To com­pound mat­ters, Fer­gu­son, who makes lit­tle ef­fort to en­gage with the rich his­to­ri­og­ra­phy of the ColdWar, adopts a very sim­plis­tic and bi­nary de­scrip­tion of the post-1945 bipo­lar an­tag­o­nism (“the Cold War,” he writes — en­tomb­ing into this sen­tence a half-cen­tury of schol­arly de­bate — “was a strug­gle be­tween two ri­val ide­olo­gies: the the­o­ries of En­light­en­ment as en­cap­su­lated in the Amer­i­can Con­sti­tu­tion, and the the­o­ries of Marx and Lenin as ar­tic­u­lated by suc­ces­sive lead­ers”). Here the bi­og­ra­phy of­ten slips into ha­giog­ra­phy, with Kissinger por­trayed as the lonely, en­light­ened voice in the land of the deaf; a man hero­ically com­mit­ted to the strug­gle against the con­cep­tual vacu­ity and, even more, against the “history deficit” that Fer­gu­son iden­ti­fies as one of the quin­tes­sen­tial de­fi­cien­cies of U.S. po­lit­i­cal cul­ture. Kissinger’s early pon­der­ings on the won­ders of lim­ited nu­clear war are thus de­scribed as pre­scient, bold and orig­i­nal (they weren’t, and they were soon out­dated by events). His 1965 pre­dic­tion that Ger­many would be re­uni­fied not via de­tente but through transat­lantic and pan-Euro­pean in­te­gra­tion is pre­sented as “al­most prophetic.” In re­al­ity, it was pre­cisely through de­tente and en­gage­ment that the re­uni­fi­ca­tion could peace­fully hap­pen, and Fer­gu­son’s non­cha­lant de­scrip­tion of Ost­poli­tik will leave most Cold War his­to­ri­ans in dis­may.

Kissinger’s po­lit­i­cally con­ve­nient (and wholly fal­la­cious) belief in a mis­sile gap fa­vor­ing the Sovi­ets in the 1950s is not thor­oughly ex­am­ined. His in­abil­ity to un­der­stand some key U.S. strengths dur­ing the ColdWar — the ir­re­sistible at­trac­tion of its model of mass con­sump­tion, in par­tic­u­lar — is com­pletely over­looked. Mean­while, Fer­gu­son takes some cheap and avoid­able shots, as when he pairs the crit­i­cal com­ments of the Prince­ton his­to­rian Arno Mayer on Kissinger’s nom­i­na­tion as na­tional se­cu­rity ad­viser with those of Robert Welch of the John Birch So­ci­ety, and con­cludes that “only those on the po­lit­i­cal fringes could se­ri­ously ob­ject to Kissinger’s ap­point­ment.”

On rare oc­ca­sions, Fer­gu­son of­fers crit­i­cisms of his sub­ject, the strong­est con­cern­ing the al­leged “am­a­teur­ish­ness” of Kissinger dur­ing the in­for­mal 1967 peace ne­go­ti­a­tions with the North Viet­namese in Paris. (Claims of global re­search notwith­stand­ing, Fer­gu­son’s con­fi­dence in putting the blame for the fail­ure of the peace ini­tia­tive squarely on North Viet­nam is sup­ported by no Viet­namese doc­u­ments and only lim­ited use of the mass of avail­able U.S. sources.) But ha­giog­ra­phy abounds, and more than once Fer­gu­son goes over the top in cel­e­brat­ing Kissinger’s deeds, to the point of de­scrib­ing a let­ter Kissinger wrote in 1946 to the aunt of a con­cen­tra­tion camp sur­vivor, in which he re­flects on the camps as “test­ing grounds” that re­quired vic­tims to “dis­re­gard or­di­nary stan­dards of moral­ity” in or­der to sur­vive, as “of­fer­ing in­sights that in some ways an­tic­i­pated the later writ­ings of Primo Levi.”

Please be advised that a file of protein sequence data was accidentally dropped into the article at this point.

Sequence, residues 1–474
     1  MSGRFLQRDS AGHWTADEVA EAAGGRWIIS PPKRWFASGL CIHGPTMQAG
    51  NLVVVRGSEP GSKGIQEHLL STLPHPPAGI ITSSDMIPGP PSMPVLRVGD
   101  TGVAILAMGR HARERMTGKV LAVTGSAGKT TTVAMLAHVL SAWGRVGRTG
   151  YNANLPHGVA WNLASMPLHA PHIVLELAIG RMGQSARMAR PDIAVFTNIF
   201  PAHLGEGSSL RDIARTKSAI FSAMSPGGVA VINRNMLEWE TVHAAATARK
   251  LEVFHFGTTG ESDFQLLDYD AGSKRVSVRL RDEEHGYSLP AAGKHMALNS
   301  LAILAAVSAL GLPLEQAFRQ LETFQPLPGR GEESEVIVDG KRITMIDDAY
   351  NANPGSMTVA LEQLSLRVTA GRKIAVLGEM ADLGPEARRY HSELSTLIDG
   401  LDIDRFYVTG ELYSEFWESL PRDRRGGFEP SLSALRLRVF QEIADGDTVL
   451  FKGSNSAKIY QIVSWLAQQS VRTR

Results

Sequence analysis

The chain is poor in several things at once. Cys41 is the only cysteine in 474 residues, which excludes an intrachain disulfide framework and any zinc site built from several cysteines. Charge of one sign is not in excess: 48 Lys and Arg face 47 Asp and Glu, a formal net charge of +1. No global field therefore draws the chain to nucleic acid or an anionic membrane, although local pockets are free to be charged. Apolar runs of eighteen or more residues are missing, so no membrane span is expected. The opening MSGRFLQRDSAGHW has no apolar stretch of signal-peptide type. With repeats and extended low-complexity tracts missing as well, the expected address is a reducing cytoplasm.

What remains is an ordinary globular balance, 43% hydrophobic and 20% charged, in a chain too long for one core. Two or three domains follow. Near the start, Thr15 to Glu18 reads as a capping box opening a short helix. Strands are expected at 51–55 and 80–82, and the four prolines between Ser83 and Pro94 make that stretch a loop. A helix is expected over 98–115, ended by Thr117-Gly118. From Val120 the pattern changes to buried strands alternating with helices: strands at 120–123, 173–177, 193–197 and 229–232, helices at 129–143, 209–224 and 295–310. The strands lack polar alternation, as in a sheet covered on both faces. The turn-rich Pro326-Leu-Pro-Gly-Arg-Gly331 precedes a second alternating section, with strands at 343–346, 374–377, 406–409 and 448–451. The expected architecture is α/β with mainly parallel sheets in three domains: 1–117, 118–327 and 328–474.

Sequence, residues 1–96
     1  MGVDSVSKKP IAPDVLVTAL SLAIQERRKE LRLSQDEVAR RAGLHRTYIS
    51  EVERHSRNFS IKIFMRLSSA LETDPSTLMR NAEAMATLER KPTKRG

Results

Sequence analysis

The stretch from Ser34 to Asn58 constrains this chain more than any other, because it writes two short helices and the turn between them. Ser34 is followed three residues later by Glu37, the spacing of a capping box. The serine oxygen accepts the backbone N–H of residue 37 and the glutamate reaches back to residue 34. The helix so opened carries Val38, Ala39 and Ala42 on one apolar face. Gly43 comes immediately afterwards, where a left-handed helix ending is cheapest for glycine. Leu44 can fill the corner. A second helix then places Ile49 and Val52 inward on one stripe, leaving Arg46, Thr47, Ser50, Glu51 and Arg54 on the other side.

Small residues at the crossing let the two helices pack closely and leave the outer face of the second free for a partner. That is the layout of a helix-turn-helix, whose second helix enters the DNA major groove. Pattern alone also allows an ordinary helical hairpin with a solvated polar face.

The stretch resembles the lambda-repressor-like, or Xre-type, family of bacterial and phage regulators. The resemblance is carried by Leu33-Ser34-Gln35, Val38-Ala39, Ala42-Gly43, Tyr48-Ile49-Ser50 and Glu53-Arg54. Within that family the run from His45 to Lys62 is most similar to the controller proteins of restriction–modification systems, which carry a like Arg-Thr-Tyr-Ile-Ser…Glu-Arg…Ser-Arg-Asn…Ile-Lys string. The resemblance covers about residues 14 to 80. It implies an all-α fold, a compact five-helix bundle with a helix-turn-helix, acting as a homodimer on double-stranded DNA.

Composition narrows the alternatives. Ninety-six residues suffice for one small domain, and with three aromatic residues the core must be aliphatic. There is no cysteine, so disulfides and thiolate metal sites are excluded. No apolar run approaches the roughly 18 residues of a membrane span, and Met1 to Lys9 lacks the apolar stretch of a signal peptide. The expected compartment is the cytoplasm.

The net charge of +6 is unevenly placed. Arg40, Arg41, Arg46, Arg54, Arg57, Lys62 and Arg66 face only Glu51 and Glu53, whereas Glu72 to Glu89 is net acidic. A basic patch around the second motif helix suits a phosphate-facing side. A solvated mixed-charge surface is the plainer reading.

By re­plac­ing re­al­ism with ide­al­ism — or the war-crim­i­nal stereo­type with that of the thinker of un­matched so­phis­ti­ca­tion and his­tor­i­cal eru­di­tion — Fer­gu­son seems to ac­cept the ex­cep­tion­al­ist nar­ra­tive that stresses Kissinger’s unique­ness as in­tel­lec­tual, strate­gic the­o­rist and po­lit­i­cal ac­tor. By do­ing so, Fer­gu­son ex­ag­ger­ates the co­her­ence, orig­i­nal­ity and bold­ness of Kissinger’s writ­ings and his ad­vice to the many princes he courted. His quasi-Del­phic prose notwith­stand­ing, Kissinger was in re­al­ity a fairly con­ven­tional thinker who fol­lowed the vogues of the times far more than shap­ing them. De­spite what Fer­gu­son wants us to be­lieve, he rarely chal­lenged power (or who was in power) as other in­ter­na­tional re­la­tions ex­perts, like Hans Mor­gen­thau and Ge­orge Ken­nan, were prone to do. In ad­vance of Vol­ume 2, this of­ten pleonas­tic and re­dun­dant first part thus leaves the reader won­der­ing whether Kissinger as an in­tel­lec­tual — re­al­ist, ide­al­ist or how­ever we choose to la­bel him — truly de­serves 1,000 pages.


Top: Henry Kissinger tes­ti­fies be­fore sen­a­tors in 1966. Above: Kissinger meets with Pres­i­dent Lyn­don John­son in De­cem­ber 1968 af­ter pres­i­dent-elect Richard Nixon named him as­sis­tant for na­tional se­cu­rity

KISSINGER Vol­ume 1 1923-1968: The Ide­al­ist By Niall Fer­gu­son Pen­guin Press. 986 pp. $39.95